Route to the Top 2019: Interview with Severn Trent CEO Liv Garfield
Chief Executive Officer

Route to the Top 2019: Interview with Severn Trent CEO Liv Garfield

Liv Garfield, CEO of Severn Trent, shares her thoughts on the challenges she has faced and lessons learned and how she sees the CEO role evolving.
Heidrick & Struggles
Route to the top 2019

Liv Garfield

Route to the Top 2019: Interview with Severn Trent CEO Liv Garfield


Liv Garfield is the CEO of Severn Trent, a FTSE 100 water utilities company. She joined Severn Trent from the BT Group, where she compiled an impressive portfolio that included being the CEO of Openreach, where she spearheaded and oversaw the commercial rollout of fiber broadband to two-thirds of the United Kingdom; Group Director of Strategy and Regulation; Managing Director Commercial and Brands; and Global Services and UK Customer Services Director.

Heidrick & Struggles: How do you think the role of the CEO will evolve over the next three to five years in response to board and stakeholder expectations?

Liv Garfield: CEOs have always had to focus on running their company well, but, unquestionably, a CEO needs to increasingly focus on purpose, investing time and resources in making a wider contribution to the environment and to the communities where their company operates. They need to focus more on culture, as culture is the enabler of any upside, and it should guide you as a leader.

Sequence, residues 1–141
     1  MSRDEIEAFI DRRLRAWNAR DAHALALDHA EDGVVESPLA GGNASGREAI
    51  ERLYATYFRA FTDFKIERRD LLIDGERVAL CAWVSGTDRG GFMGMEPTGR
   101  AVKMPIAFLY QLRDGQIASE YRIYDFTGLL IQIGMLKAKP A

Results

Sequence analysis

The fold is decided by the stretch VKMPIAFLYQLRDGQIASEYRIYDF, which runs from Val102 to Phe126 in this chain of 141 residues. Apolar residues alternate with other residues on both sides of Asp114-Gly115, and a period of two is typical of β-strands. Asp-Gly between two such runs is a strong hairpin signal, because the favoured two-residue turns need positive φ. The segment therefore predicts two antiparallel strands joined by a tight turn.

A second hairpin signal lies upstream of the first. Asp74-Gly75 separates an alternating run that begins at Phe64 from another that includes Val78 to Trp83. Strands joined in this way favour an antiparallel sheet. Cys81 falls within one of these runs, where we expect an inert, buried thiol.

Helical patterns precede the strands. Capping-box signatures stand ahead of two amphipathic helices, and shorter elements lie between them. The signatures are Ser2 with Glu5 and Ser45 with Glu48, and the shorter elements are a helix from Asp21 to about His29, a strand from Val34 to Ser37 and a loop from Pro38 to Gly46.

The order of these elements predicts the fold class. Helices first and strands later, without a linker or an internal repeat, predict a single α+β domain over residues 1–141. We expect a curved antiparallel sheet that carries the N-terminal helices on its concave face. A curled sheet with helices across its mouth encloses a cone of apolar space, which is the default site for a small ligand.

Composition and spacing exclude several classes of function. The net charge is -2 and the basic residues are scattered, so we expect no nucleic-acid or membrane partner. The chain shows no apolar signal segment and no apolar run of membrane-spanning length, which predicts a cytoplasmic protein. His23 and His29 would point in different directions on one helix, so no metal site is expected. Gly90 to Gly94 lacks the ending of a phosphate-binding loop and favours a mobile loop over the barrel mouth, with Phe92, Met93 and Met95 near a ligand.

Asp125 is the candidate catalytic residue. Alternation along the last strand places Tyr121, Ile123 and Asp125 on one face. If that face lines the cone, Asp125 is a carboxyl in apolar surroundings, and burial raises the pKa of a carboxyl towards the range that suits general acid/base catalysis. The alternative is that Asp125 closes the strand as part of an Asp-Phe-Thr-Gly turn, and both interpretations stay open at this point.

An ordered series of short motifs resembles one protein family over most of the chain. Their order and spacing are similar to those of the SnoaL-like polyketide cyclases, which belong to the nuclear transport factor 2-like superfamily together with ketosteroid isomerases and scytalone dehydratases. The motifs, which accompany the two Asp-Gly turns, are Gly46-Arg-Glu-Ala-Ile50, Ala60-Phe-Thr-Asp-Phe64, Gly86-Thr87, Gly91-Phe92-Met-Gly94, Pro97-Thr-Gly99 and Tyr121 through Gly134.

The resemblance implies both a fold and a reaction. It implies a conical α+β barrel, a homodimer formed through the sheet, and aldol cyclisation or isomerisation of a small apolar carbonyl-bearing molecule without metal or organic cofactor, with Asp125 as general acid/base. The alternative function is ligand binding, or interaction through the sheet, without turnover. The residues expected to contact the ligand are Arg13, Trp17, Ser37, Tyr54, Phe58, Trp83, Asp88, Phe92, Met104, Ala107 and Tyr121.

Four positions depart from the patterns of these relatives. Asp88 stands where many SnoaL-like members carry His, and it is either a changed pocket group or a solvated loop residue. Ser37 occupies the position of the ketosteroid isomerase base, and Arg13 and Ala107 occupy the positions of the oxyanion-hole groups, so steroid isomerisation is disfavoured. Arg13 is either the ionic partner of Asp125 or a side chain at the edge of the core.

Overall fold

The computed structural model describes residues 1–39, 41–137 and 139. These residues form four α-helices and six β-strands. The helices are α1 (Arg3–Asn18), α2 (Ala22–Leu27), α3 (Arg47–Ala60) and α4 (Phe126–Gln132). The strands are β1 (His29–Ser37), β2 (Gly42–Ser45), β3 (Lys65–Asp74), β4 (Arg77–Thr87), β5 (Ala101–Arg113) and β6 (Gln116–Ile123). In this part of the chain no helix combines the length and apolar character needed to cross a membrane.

Heidrick & Struggles: What skill sets and experiences do you think CEOs will need three to five years from now?

Liv Garfield: Sustainability will be hugely important for the next generation of CEOs for a host of reasons. CEOs will need to truly understand the interrelationship of their business and wider macro-environmental issues, such as climate change, as well as the impact on society, policy, and the broader economy.

Empathy is absolutely critical for CEOs. In a politically uncertain world—with increasing divergence between the “haves” and “have nots,” you have to think carefully about how you show up as a leader and ensure you’re in touch with your customers, employees, and wider stakeholders.

And, not in the least, I think they'll need a better understanding of artificial intelligence and innovation more broadly. Although, as a CEO, you can't be an expert in all areas, you need to set an ambition for the business and ensure you're abreast of the key developments that could put your company in a more competitive position.

Heidrick & Struggles: When you look back at your career, could you identify and share one of your most formative experiences or talk about a mentor-like figure who helped shape your career?

Liv Garfield: Returning from maternity leave, I was committed to working four days a week. As I came back, I was offered a big promotion, reporting to the CEO, and my immediate reaction was that I wouldn’t be able to make it work, that the timing wasn’t right and I needed to prioritize my family. My CEO gave me the confidence to believe I could do the role within those four days, that the promotion didn’t mean working harder or longer hours, but it meant leveraging my intellect and my team in a different way. He made me believe that I could be a good mom and a good CEO.